Americans' Confidence in Handling Potential Zika Cases
How confident are you that the federal government will be able to handle an outbreak of the Zika virus in this country -- very confident, somewhat confident, not too confident or not confident at all?
Very confident Somewhat confident Not too confident Not confident at all
% % % %
Mar 10-11, 2017 22 42 19 14
Oct 18-19, 2014 19 33 22 24
Swine flu
Aug 26, 2009 10 49 25 14
Comparison made to Ebola and H1N1/swine flu in previous surveys

Bottom Line

Spotlighting public health emergencies and outbreaks such as Zika can effectively raise public awareness about protective measures for contact and exposure to a disease. Despite the thousands of Americans infected with Zika, Americans see less risk of contracting this virus than they did Ebola, which had only a handful of U.S. cases. While this perception could be accurate -- because people do not live in areas that have the specific mosquito species that spread the disease, have not had sexual contact with people who have Zika and have not traveled to areas where the Zika virus is prevalent -- it is unclear if Americans are aware of the risk factors for contracting the Zika virus.

Alternatively, these people might be subject to personal biases that influence their perceptions of risk. Individuals depend on various and sometimes conflicting messages from an array of sources to form their opinions. Sometimes preparedness messaging might not adequately reach (or stick with) those most at risk.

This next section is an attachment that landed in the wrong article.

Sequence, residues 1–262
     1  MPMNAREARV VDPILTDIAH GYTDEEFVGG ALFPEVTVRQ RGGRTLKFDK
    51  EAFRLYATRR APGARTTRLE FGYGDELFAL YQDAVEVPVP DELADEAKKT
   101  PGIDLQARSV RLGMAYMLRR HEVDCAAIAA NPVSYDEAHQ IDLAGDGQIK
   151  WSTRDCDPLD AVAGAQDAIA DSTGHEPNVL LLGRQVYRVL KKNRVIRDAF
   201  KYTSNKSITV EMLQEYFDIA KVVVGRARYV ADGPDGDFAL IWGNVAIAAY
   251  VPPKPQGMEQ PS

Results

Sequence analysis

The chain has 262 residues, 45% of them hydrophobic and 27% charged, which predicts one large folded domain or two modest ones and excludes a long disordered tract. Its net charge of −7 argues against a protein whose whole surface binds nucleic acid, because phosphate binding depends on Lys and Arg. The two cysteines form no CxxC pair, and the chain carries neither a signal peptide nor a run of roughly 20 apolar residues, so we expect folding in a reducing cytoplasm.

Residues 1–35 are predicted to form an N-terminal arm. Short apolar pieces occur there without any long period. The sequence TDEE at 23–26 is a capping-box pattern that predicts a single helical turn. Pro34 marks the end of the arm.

Even if Americans do not feel like they are at risk of contracting Zika, if an outbreak were to occur, they trust the government to handle it at least slightly more than they have similar public health threats in recent years. This sentiment is positive news for the CDC and the federal government as a whole, as trust in government has dwindled overall. At the same time, opinion could shift if government operations in containing or addressing the virus falter or are perceived to falter, rightly or wrongly.

Historical data are available in Gallup Analytics.

Survey Methods

Results for this Gallup poll are based on telephone interviews conducted March 10-11, 2017, on the Gallup U.S. Daily survey, with a random sample of 1,025 adults, aged 18 and older, living in all 50 U.S. states and the District of Columbia. For results based on the total sample of national adults, the margin of sampling error is ±4 percentage points at the 95% confidence level. All reported margins of sampling error include computed design effects for weighting.

Each sample of national adults includes a minimum quota of 70% cellphone respondents and 30% landline respondents, with additional minimum quotas by time zone within region. Landline and cellular telephone numbers are selected using random-digit-dial methods.

View complete question responses and trends.